Life’s Purpose and How Their Partner Assisted
For Philip, he didn’t miss a beat when answering this, “Margie and I have the same life purpose, to serve our country, our people with passion, compassion, kindness and integrity. We both believe that doing these forms of service is in response to our Faith. We resisted the temptation to be weary and tired of helping others and doing whatever good we could with the little we had.” Margie chimes in, “My life purpose was having a husband, a family that I can be proud of…children with social responsibility to care for others in need. The bigger half of this pie is the enabler, my husband, who by example taught them how. He also supported me in doing my own personal social responsibility.”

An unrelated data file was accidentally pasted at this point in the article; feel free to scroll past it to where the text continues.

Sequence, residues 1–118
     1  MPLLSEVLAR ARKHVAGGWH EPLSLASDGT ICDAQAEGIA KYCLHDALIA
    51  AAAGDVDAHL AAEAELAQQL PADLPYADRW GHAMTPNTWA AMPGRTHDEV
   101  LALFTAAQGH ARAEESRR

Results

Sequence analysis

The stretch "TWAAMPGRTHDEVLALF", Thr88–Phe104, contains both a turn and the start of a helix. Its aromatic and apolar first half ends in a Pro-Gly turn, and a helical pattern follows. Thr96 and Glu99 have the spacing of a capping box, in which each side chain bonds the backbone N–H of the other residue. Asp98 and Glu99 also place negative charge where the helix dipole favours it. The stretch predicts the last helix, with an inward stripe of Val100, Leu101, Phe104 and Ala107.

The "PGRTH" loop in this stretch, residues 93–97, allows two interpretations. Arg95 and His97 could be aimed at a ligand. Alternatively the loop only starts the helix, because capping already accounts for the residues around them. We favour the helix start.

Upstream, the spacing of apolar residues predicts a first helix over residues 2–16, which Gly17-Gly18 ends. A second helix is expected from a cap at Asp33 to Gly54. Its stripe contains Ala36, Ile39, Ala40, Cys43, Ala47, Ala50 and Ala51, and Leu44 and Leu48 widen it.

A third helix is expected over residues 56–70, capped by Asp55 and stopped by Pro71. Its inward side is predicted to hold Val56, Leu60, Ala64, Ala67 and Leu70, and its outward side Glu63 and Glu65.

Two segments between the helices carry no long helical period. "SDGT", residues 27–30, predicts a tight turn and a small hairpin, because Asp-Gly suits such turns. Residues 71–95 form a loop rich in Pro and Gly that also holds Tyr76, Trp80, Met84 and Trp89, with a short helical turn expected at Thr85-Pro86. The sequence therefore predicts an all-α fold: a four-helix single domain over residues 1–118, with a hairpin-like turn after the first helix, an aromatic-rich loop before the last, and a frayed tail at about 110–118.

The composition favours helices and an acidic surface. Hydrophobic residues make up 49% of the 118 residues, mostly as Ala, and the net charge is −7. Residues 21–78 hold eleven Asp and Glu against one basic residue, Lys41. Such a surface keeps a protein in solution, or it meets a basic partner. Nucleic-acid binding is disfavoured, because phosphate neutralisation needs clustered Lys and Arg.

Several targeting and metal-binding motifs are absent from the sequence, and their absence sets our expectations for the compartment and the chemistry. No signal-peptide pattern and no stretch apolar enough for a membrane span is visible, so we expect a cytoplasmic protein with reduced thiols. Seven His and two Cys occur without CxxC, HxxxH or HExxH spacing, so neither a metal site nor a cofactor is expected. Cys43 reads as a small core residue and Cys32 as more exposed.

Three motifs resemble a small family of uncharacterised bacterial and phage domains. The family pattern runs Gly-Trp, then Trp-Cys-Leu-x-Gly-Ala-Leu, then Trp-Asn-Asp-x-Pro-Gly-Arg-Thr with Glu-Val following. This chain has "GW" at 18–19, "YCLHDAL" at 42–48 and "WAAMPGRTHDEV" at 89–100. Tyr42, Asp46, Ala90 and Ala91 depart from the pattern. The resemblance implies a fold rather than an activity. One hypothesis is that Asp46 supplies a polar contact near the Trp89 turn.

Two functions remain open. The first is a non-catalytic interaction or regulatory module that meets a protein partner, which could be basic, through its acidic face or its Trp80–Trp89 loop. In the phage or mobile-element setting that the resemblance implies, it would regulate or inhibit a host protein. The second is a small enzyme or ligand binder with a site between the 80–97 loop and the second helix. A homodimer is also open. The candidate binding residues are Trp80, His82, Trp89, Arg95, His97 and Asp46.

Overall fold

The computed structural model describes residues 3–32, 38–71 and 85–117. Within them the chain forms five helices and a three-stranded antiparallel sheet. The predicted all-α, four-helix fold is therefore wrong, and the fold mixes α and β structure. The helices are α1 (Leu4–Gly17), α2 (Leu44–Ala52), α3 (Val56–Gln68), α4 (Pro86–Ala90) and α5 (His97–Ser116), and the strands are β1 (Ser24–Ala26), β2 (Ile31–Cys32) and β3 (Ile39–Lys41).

True Luxury and Wealth Defined
When Philip mentioned that he liked how Margie was “unimpressed by luxurious living marked by materialism and ostentation,” this couple was asked what their definition of true luxury and wealth was. For Margie, it was simple, “True wealth lies in having fulfilled God’s will for you in your life by being good stewards of the family He has entrusted to you. Whatever resources we have been given is a gift from God and whatever we do with these is our gift to Him.”
On the other hand, Philip’s definition is combined with gratitude, “We are happy with what we have and are not sad that we don’t have things that others have an abundance of. What makes us even happier with what we have is that all these have been earned through honest labor, with dignity and integrity.”